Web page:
Charlie Big Time again another ensemble previously unknown to us serve up the absolutely gem like ’love is a franchise’ – imagine a sunny dispositional Moz shimmying with butter kissed glee across Marr’s tenderly woven spangled overtures on the Smiths debut full length while delicately nibbling away at Pat Benatar’s ’love is a battlefield‘. culled from their much loved debut full length ’the beautiful light’ Slow Down Tallahassee stump up the sumptuous ’Tallahassee Bop’ a gorgeously festooned floorshow of 50’s styled ice cream parlours, drive ins and sun kissed Blondie moments. ‘love triangle’ is next up from Popup another mighty fine ensemble much admired here they also feature on an compilation cover mount given away with the latest issue of Artrocker as well as a pretty nifty single for Art Goes Pop which this track happens to be – we’ll leave a full appraisal for a forthcoming singled out – just a wee word though – this babe literally punches holes in the speakers – frankly their strongest cut to date. French paisley popsters My Raining Stars are yet another band who’ve somehow ducked beneath our hi fi’s affections so far – ’riding for a fall’ is a pristine slice of effervescent feel good shimmer pop lushly bathed with a curdling after glow that was much the forte of the missing in action Clock Strikes Thirteen and yet decorated in the bespoke 60’s styled grandeur of Camera Obscura – need we say more? While let’s just say the Wild house’s ‘Whacker’ has an air of lilting countrified sweetness as though the Go Between’s had been overdosing on Free Design. As to Kelman – what can we say – we are still blown away by the mellowing melancholic elegance of their second full length ‘I felt my sad heart soar’ which we happily have an advance of and which we suggest all good homes should invest in a copy of , ‘Commercial Road’ of course is no stranger around these parts given that we mentioned it in passing via Singled Out missive 159 and reveals the bands stately song craft and majesty blossoming and maturing to a new found level of elegant artistry that places them side by side by side with the Tindersticks and the Go Betweens – surely greatness awaits. Crumb used to be Hey Paulette in a previous life – for that frankly need we say more – well yes – ’follow me home’ is a bitching brew of kick arse smouldering off centred power pop much the one time aegis of a certain Teenage Fan club / BMX Bandits – now we’ve said our bit. Continuing with the TFC sound bites the Daisy Park’s ’Julie’ we must admit sounds like a ringer for the pre Velvet Crush work of Choo Choo Train – all summer kissed buzz sawing breeze pop while it seems that Glasgow’s quartet the Ronelles certainly deserve further investigation if their hi-fi humping ’don’t leave me hangin’ is any thing to judge by – think of a blistering fun packed bluesed out pub rock sorte featuring the combined talents of the Blockheads, Jerry Lee Lewis and the Feelgoods and then some more. Next up Stones throw – there’s a free to download EP ’Slowly breaking through’ available via their my space site which we suspect you really ought to investigate and rip as your own, for now though ’don’t look down’ is all at once a monolithic mood arranging sounds cape parched with a sumptuous loud / quiet dynamic that erupts from a lo-fi focus into a gloriously vibrant cinematic whirlpool – both turbulent and beautifully bruised its uncoiling tension recalls Radiohead hooked up with Mansun’s mindset doing panoramic Beatles montages.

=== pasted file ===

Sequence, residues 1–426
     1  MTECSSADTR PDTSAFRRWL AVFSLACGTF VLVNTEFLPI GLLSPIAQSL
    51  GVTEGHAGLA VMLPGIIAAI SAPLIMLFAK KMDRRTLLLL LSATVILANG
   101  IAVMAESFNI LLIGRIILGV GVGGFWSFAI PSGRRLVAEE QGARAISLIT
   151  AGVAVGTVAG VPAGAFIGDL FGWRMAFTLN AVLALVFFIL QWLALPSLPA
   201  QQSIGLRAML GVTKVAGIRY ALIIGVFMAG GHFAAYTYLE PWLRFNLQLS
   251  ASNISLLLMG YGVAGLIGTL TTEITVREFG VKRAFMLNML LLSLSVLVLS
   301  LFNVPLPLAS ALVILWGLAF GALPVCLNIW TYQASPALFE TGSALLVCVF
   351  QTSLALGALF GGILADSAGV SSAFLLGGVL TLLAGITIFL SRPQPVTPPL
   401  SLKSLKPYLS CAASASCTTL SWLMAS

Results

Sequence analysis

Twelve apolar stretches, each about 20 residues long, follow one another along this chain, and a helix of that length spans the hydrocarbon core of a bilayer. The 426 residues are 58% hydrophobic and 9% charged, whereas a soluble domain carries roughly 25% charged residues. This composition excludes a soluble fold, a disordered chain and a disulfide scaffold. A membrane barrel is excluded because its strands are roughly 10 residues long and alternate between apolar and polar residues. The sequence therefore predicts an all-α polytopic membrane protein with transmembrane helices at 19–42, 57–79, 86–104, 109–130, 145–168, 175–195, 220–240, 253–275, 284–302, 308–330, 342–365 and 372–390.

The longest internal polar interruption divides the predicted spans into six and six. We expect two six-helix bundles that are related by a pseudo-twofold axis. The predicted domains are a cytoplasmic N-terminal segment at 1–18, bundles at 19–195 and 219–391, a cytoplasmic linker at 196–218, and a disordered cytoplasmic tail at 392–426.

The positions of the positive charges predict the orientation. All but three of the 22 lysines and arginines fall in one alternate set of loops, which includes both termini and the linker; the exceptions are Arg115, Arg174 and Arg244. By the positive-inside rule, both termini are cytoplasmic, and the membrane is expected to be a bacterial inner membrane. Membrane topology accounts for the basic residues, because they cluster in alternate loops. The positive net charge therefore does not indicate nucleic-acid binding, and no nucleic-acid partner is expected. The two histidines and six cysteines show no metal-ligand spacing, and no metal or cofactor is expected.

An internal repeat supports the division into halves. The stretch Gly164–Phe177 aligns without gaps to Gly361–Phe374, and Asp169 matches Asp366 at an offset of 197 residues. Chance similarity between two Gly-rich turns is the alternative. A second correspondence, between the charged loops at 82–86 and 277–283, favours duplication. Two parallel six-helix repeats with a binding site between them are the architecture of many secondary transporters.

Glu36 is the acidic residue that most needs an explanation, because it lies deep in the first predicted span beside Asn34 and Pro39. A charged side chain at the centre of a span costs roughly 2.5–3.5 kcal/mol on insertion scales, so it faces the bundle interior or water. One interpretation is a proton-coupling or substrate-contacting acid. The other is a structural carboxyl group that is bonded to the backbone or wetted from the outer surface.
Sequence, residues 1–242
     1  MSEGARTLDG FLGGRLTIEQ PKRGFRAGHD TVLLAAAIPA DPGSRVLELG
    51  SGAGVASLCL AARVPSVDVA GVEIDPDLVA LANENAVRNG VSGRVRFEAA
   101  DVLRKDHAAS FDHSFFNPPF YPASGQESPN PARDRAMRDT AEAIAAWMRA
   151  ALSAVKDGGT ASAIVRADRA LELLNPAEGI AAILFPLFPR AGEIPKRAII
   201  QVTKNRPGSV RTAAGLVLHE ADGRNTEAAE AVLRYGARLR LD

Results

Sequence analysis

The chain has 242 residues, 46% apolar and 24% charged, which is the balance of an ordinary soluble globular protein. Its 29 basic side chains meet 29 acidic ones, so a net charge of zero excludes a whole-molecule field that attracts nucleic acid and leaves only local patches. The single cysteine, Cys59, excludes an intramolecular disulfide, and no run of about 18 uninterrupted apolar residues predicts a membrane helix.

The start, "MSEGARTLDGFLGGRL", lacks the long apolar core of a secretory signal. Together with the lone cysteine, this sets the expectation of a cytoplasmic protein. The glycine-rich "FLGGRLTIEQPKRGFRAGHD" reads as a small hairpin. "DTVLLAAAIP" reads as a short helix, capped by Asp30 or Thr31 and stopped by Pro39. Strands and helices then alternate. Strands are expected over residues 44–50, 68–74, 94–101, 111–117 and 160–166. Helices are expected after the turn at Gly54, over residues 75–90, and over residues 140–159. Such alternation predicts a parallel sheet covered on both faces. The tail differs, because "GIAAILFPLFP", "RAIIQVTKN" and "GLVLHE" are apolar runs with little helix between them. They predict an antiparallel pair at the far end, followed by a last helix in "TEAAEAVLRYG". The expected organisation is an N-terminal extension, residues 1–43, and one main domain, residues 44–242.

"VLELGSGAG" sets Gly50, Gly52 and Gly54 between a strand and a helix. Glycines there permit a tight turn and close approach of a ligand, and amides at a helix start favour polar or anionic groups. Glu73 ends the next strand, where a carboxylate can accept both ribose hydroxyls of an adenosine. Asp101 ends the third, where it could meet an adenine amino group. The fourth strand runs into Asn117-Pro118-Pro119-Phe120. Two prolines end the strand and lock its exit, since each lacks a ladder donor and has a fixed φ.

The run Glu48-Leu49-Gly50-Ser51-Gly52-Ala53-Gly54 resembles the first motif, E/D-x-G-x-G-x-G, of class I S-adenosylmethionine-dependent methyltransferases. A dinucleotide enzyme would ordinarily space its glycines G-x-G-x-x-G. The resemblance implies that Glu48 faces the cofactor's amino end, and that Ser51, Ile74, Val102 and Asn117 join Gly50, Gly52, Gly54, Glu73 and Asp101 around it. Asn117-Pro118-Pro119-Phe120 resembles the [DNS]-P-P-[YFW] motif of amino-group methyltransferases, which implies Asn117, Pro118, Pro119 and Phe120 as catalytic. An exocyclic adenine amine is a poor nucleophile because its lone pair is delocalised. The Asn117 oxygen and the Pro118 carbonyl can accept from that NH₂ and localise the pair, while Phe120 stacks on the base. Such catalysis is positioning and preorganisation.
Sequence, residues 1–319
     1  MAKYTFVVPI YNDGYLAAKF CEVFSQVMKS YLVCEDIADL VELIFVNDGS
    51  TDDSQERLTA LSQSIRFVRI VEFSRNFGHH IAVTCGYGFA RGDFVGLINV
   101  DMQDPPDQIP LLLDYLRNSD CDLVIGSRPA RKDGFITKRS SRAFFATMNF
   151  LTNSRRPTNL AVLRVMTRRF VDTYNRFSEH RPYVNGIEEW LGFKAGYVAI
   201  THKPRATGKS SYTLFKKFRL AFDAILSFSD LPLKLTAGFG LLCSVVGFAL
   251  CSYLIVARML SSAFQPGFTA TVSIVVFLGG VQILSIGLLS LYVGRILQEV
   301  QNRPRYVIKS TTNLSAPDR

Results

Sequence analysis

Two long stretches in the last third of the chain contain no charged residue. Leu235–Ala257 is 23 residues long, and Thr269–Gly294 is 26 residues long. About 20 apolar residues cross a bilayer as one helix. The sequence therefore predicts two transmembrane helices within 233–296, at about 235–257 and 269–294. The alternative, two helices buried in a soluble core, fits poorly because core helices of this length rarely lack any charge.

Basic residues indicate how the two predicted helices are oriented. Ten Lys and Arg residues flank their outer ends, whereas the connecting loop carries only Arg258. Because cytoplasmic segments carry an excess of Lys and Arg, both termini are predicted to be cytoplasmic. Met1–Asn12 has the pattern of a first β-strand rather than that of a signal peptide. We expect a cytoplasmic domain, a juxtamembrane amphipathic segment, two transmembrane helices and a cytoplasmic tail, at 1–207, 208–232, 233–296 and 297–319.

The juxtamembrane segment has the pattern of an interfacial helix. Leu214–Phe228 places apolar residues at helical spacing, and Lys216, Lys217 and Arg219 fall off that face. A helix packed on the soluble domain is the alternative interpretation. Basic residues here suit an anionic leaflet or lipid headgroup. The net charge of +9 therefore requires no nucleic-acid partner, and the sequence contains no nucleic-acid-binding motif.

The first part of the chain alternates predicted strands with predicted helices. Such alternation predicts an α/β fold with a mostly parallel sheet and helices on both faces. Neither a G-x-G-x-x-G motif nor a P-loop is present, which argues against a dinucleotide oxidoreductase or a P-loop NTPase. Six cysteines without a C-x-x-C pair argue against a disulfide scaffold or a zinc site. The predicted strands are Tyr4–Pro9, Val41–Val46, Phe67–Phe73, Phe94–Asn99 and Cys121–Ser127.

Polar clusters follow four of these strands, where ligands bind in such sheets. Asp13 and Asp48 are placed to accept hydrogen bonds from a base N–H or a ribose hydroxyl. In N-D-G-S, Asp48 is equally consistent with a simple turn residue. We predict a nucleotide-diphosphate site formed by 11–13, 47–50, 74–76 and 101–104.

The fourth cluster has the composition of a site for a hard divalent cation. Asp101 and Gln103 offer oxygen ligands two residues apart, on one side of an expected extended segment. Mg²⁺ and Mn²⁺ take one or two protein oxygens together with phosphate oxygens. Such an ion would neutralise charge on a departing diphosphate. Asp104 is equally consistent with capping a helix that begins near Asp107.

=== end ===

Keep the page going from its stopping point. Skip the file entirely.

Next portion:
‘where to begin’ by the Garage Flowers after a few false starts wherein it manages to pass into a hybrid library / ambient routine soon shapes up into a psychedelicised Booker T and the MG’s albeit twiddled by a Donovan obsessed Butthole Surfers. De Rosa – we’re not so sure about this but we suspect named loosely in honour of the Pixies finest hour (like er ’Surfer Rosa’ durr) if not well bugger us if ’Ore’ doesn’t come whiffing of Black Francis and Co – damn fine stuff. Lo-fi lysergic pop of the highest order – ’my ice queen’ by David Westlake certainly imparts moments of a ghostly supernatural chill before the guitars kick in and everything goes – shall we say – a little fringe swept and weirdly off centre – lovers of Sunray will dig. Another previously unknown ensemble to us and a hitherto previously unreleased cut to boot from Mitchell Museum reveals via ’extra lifes’ an affectionate nod towards all things Animal Collective / Panda Bear – a crookedly skewiff tangy slice of west coast pop that has the alluring effect of coming across like a jumbled jubilant jamboree of sorts that admirers of early career Mercury Rev would do well to take note of. Those among you up for a spot of lulling shade wearing dream pop ought to hook up to the JMC meets early career Ride buzz sawing babe ’the saltire’ from Stroszek – very late 80’s Creation. To be filed under frail, fragile and deceptively demurring is the gospel glazed ’dark country’ by Dead Cowboys – heartbreaking, minimal almost spiritual in texture and delivery and best described as a summit meeting between Spiritualized, Low and Procol Harum overseen by Decoration. We here still swoon at the sound of Ooberman’s glorious ’running girl’ set on the rare occasion it pops into view on our turntable, seems Snowy might do to given that ’a life on the tiles’ is cut and finitely carved in the same enchanting eeriness to be sumptuously braided in longing arcs of tenderly mysterious symphonic elegance – more please. Mellow Drunk – who we swear we’ve featured before – ho hum maybe not – do a neat like in unworldly ghostly apparitions of 60’s styled shimmer pop – well at least that’s what ‘there for you’ sounds like – brass florets, soft psyche dialects – if we didn’t know any better we’d swear it was Morricone holed up with the Autumn Leaves with Arthur Lee supervising the event. Jerry Fish and the Mudbug Club – where do they get these names from we wonder – ‘true friends’ is a bit of a strange cutie – a dream like overture of flickering and fluttering softly lilting pepper corned motifs that to these ears at least sounds like its stepped from some willowy 50’s styled beauty school teen flick.

‘Doing it for the Kids ‘08’ probably won’t change your life (other than perhaps giving your musical appreciation a bit of a much needed overhaul) however it will change the lives and fortunes of the patrons and staff of the Yorkhill Children’s Foundation. Invest in today.


Further information via –

Key tracks –

Charlie Big Time ‘love is a franchise’
My Raining Stars ‘riding for a fall’
Kelman ‘commercial road’
Stones throw ‘don’t look down’
Mitchell museum ‘extra lifes’
Dead cowboys ‘dark country’
Snowy ‘a life on the tiles’
Lynnie Carson ‘September’s coming’
Southpaw ‘wearing pink’

Further reading –
Additional resources – a radio 2 special focusing on the Creation label can be accessed by going to –

first transmitted – July 2008